"She seemed surprised that I wasn't... that I'm not a cannibal."

"Do you think she was?"

I pondered this for a moment. Ravek wouldn't have asked the question if the answer were obvious.

"What did you and the old man talk about?" he asked after I didn't answer in whatever time frame he had secretly prescribed.

"He showed me the night sky from their front yard, all the spacecraft flying around," I said. "We talked about the large number of visitors this planet gets."

"Do you think the woman was surprised at your peculiar eating habits?"

"No."

Ravek fell silent again, not giving me the satisfaction of acknowledging the correctness of my answer, after having given me so many hints. I heard him disable his transmitter as we broke through the final layers of atmosphere and approached the orbiting vessel. He would have to manuever the small landing craft into position to get us back onboard, and his action of disabling our communication link told me that the danger of me distracting him outweighed whatever benefit he might have obtained from being able to immediately ask me for help.

Of course, he didn't need my help. He nestled the small ship into the dock with the expertise of all of his years in the Fleet, and once we had locked in the two of us transferred to the larger ship, briefly acclimated to the artificial atmosphere, and began the calculations for the next leg of our voyage. This I did help with, partly because it was long, tedious work that went faster with two people, and partly because I was very good at it.

"What were you doing down there?" I asked casually once we had hit the less intellectually rigorous portion of the project.

"I suppose if I wanted you to know I would have told you," he said.

"I suppose you would have," I replied.

Ravek focused on his terminal for several minutes. It was during these stretches when he often became grim and moody, because he knew that I was better at this sort of thing than he was, his substantial experience in interstellar travel utterly failing to overcome my innate mathematical talents.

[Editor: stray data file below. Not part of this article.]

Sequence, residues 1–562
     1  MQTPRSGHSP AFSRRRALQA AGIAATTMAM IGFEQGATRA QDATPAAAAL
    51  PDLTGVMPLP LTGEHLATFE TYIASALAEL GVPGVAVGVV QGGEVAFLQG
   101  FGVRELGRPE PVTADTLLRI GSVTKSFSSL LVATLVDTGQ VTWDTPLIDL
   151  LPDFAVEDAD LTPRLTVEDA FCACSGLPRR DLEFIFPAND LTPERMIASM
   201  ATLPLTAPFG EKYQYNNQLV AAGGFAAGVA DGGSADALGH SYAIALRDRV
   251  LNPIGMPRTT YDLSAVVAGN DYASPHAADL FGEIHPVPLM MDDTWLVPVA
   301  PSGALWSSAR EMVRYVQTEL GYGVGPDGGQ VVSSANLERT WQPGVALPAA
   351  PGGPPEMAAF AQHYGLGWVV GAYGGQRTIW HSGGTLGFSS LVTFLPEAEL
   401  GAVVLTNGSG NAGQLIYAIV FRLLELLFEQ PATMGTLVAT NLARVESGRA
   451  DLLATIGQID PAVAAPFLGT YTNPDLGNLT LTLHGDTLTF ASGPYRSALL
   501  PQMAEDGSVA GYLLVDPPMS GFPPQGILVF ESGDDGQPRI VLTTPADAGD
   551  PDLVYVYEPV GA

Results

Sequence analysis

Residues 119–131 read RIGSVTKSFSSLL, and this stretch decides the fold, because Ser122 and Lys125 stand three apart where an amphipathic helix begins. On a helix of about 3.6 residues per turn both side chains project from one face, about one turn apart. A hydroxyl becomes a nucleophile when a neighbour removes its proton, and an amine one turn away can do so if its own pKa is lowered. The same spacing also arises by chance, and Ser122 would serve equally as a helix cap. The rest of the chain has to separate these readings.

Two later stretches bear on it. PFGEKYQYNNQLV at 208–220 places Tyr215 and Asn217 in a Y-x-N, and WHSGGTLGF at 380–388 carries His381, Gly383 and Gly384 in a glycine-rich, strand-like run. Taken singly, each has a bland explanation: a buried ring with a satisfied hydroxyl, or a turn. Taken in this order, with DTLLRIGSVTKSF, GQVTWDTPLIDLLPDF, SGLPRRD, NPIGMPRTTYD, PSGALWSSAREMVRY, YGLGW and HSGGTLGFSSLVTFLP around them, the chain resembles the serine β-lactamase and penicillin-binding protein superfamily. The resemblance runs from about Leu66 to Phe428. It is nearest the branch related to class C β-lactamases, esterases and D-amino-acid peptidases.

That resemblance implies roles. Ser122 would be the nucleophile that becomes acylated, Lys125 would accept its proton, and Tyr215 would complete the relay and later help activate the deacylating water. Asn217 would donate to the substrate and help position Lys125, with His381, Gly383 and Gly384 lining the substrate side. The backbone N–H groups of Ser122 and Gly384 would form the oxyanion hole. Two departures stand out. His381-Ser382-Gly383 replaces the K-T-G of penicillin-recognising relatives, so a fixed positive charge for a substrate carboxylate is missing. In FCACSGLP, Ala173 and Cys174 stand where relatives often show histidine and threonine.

"Do you think the old woman's reactions to your stories about Terrestrian wars were genuine?" he asked suddenly.

Again, I gave his question substantial consideration before answering. I took longer than I had for his previous question but, this time, rather than provide additional hints, he remained focused on his calculations and seemed to ignore me.

"I'm not sure," I admitted. "She lightly teased me about being from a 'warrior race.'"

Ravek didn't smile.

"Your planet has a storied history of war and rebellion," he said. "Your ancient cinema glorified it. Your people were obsessed with violence against what they perceived to be oppressive authority. Do you assume that's a common thread throughout the galaxy?"

I leaned away from my terminal and frowned at his question. I tried to recall the cultural training I had received in officer's school and regretted blowing off such courses in favor of science and mathematics.

"Do you think it's more common or less common than economically-driven cannibalism?"

I still didn't have an answer.

"Or does it matter?"

I rubbed my chin and returned to my calculations. "Are you telling me that that planet we were on has never had an armed rebellion?"

"It's never had a successful armed rebellion."

We worked in silence for a few more minutes as I mused over our discussion, and Ravek's apparent attempt to equate righteous revolution with cannibalism. "Are you going to tell me what you were doing down there?" I asked.

"What have we been talking about?" he said.